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January 2, 1954


Author Affiliations

San Antonio, Texas

JAMA. 1954;154(1):4-8. doi:10.1001/jama.1954.02940350006002

Radium may be used in treating skin cancer in the form of a pack or plaque or in the form of needles applied interstitially. The use of the packs (or plaques) has no advantage except in rare instances and will not be discussed. It is our opinion that radium used for malignant cutaneous disease serves best when used in needles applied into the lesion.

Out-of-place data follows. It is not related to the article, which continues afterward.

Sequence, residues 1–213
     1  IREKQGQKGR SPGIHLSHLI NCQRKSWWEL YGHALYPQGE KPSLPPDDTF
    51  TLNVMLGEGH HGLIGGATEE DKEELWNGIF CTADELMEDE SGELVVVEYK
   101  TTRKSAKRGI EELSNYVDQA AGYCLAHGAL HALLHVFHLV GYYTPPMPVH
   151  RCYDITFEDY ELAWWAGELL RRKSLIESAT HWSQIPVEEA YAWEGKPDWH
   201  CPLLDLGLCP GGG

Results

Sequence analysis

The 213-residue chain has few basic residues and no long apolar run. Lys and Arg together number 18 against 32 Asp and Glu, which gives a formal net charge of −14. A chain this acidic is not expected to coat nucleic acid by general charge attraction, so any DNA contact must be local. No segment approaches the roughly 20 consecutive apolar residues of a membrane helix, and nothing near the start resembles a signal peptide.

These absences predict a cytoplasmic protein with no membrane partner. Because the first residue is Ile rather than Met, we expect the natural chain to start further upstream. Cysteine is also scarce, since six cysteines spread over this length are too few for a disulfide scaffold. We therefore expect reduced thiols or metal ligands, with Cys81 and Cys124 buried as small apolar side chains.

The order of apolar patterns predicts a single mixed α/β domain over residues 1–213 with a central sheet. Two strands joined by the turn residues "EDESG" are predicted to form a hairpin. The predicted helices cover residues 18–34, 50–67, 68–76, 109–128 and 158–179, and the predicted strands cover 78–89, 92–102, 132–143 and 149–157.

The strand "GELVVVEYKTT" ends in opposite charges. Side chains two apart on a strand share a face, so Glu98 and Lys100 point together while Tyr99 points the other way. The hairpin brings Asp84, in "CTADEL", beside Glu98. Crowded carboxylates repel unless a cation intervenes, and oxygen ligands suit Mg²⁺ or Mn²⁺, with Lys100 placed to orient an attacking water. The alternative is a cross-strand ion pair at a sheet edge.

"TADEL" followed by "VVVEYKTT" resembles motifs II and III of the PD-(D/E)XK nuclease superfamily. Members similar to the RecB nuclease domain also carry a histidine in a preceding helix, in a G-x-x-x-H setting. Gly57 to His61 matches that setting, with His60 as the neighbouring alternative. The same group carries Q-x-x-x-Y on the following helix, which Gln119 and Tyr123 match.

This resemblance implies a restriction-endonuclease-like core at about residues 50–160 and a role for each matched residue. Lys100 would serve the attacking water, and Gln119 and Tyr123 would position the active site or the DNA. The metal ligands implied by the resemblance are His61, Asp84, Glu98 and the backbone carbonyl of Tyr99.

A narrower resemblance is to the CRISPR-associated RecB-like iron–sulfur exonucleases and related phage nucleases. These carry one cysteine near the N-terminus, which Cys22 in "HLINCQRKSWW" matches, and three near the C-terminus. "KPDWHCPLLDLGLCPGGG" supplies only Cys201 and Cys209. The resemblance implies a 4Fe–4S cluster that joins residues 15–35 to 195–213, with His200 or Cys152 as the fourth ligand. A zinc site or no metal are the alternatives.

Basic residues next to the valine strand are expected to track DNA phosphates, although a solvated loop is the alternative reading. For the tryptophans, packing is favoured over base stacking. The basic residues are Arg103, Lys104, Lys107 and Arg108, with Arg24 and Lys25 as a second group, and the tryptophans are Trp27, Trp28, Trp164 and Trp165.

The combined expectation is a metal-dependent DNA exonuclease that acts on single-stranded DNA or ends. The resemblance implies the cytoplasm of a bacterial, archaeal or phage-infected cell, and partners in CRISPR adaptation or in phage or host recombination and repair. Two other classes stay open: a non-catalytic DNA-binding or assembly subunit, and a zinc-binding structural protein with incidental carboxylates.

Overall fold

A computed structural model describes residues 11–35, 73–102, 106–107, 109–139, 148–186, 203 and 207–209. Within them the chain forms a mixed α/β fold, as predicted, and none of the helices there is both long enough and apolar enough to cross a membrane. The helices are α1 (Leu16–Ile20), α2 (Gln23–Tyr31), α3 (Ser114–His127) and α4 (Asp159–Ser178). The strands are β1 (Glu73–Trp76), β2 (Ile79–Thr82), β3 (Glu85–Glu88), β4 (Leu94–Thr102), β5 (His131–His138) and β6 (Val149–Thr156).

We have used two interstitial techniques with needles for a number of years, namely, (1) a short-time highintensity method and (2) a long-time low-intensity method. The first has been described in a previous article1 and will be discussed only briefly here. The shorttime high-intensity technique (fig. 1) refers to the use of needles containing 10 mg. of radium, 19 mm. in length, with a wall filtration of 0.3 mm. of platinum. Their active length is 12 mm. These are inserted at the base of a

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